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Home Editorials of Interest Taipei Times China’s rise could land Taiwan in hot water

China’s rise could land Taiwan in hot water

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Recently, BBC World Service announced an annual opinion poll by GlobeScan, an international opinion research consultancy that was conducted across 28 countries, asking more than 29,000 adults whether they considered the influence of different countries in the world to be mostly positive or mostly negative.

About 34 percent of respondents said they had a positive view of China’s influence in the world.

The figure has declined steadily from about 50 percent since the annual poll was launched in 2005, showing that the world does not really recognize Beijing’s claims that its growing strength is a “peaceful rise.”

The poll results support the “balance of threat” theory in international relations.

The theory was proposed by Stephen Walt, a Harvard University professor who studies alliances between countries.

He believes that the question of whether or not countries should create an alliance when dealing with a rising power depends on the degree of threat that they feel.

The threat consists of four elements: Aggregate power, geographic proximity, offensive power and aggressive intentions. Among the four, aggressive intentions play a significant role.

Following his study of cases across the world over the past century, he believes that if a rising nation has a lot of “hard power” such as population and industrial and military capabilities, and if it often demonstrates its strength or even intention to invade neighboring countries, then it would force the neighboring states to form an alliance in order to safeguard themselves and counterbalance the threat.

Today, China is following precisely this path in East Asia. China’s hard power is on the rise and it shares borders with many East Asian countries.

Its invasion capabilities are being demonstrated by its deployment of missiles targeting Taiwan, but are also manifested by the warships China sends to the disputed islands in the East and South China seas, causing tensions with neighboring countries.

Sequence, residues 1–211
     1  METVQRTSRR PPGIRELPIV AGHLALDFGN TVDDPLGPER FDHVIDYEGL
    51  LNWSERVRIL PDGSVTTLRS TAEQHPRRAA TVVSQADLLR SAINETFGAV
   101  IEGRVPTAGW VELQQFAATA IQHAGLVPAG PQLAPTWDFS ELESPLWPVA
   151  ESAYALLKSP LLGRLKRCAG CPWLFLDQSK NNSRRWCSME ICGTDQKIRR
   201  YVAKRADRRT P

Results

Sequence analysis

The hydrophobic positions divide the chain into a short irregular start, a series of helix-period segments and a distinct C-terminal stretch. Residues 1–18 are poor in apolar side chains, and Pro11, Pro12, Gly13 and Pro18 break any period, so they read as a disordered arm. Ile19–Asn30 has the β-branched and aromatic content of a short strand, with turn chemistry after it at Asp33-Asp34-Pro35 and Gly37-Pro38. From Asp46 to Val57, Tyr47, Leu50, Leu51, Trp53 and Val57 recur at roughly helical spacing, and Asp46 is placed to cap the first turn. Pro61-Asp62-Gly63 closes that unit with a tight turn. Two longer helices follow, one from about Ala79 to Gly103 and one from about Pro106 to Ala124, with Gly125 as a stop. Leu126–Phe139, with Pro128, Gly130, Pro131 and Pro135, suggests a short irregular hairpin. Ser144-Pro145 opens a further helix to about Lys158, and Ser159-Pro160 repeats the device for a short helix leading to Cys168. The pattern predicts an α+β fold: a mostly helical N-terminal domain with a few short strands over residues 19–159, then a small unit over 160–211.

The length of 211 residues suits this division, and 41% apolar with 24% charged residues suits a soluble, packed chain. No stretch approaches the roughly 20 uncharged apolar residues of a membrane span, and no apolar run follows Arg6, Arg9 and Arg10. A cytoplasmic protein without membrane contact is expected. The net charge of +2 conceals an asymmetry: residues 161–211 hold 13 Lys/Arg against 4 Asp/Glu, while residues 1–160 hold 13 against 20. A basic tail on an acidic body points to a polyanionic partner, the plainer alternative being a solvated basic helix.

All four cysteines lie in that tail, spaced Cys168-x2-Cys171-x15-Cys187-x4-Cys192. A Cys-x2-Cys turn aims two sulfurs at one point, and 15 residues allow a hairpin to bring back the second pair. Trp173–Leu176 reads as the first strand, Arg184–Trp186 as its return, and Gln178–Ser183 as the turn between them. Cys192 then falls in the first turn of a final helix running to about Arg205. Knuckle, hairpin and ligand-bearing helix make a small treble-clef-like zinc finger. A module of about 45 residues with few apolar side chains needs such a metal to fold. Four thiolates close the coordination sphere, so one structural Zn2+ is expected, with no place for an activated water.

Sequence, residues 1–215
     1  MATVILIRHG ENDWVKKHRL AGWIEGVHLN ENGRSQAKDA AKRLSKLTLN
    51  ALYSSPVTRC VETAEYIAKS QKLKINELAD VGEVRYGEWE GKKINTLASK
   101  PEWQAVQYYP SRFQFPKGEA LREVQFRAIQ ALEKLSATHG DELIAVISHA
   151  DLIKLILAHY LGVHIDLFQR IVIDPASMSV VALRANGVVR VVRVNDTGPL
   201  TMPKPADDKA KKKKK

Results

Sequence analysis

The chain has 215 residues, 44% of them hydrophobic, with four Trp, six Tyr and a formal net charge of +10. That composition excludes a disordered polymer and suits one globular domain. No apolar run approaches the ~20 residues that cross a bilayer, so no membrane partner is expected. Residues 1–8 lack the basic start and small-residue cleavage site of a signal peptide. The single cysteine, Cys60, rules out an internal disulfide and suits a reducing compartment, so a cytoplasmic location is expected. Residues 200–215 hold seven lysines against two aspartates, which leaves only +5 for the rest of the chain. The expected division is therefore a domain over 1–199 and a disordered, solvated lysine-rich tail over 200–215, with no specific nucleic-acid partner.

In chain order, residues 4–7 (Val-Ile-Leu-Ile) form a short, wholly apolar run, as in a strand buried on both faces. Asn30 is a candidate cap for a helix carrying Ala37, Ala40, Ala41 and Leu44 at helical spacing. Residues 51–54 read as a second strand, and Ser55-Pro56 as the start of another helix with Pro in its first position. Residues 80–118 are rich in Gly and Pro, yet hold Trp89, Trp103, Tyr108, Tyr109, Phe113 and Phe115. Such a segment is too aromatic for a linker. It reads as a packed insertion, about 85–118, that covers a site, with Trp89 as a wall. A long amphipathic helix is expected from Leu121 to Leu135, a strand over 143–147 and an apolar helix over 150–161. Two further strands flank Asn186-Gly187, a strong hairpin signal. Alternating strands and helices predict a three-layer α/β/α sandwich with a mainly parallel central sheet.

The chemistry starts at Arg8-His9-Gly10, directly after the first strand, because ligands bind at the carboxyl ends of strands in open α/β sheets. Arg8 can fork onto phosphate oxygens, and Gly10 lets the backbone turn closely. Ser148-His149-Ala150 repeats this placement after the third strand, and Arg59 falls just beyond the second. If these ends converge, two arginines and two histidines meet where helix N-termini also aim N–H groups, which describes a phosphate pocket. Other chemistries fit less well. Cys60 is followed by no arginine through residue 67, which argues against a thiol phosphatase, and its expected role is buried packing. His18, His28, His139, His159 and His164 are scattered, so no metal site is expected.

As for the last element, aggressive intentions, the poll results show that negative views of China are rising around the world.

Perhaps these actions do not yet mean that China intends to invade its neighbors. However, as the exchange rates for the Chinese yuan remain stagnant, Chinese products are entering international markets on a massive scale, eating into the market shares of not only the US and European countries, but also China’s neighboring developing countries.

From a perspective of trade and economy, Beijing’s aggressive business policies may well cause a lot of concern among these countries.

This lends to evidence that China’s rise is not a friendly one and it may compel other countries to form alliances to resist China.

Given this situation, Taiwan needs to consider whether its unheeded pro-China policies are wise.

If, for example, the Southeast Asian countries in the future form an alliance to restrain China, which side should Taiwan be on?

At a time when the international political situation in the East Asian region is unclear, Taiwan should make sure that it makes friends with those countries that are more concerned about Beijing’s rise.

If Taiwan continues to expand its pro-China policies without restraint, it may well be lumped together with China and come to be seen as a regional enemy.



Chen Tsung-yen is a research coordinator at the Taiwan Brain Trust.

TRANSLATED BY EDDY CHANG


Source: Taipei Times - Editorials 2010/04/25



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Newsflash

US Deputy Secretary of State James Steinberg told a major conference on US-China relations that Washington retains a “very strong commitment” to Taiwan.

While acknowledging that US ties with Beijing were improving, he said: “There is a very strong commitment and appreciation for the tremendous achievements that the people of Taiwan have accomplished both in the economic and especially in the political sphere.”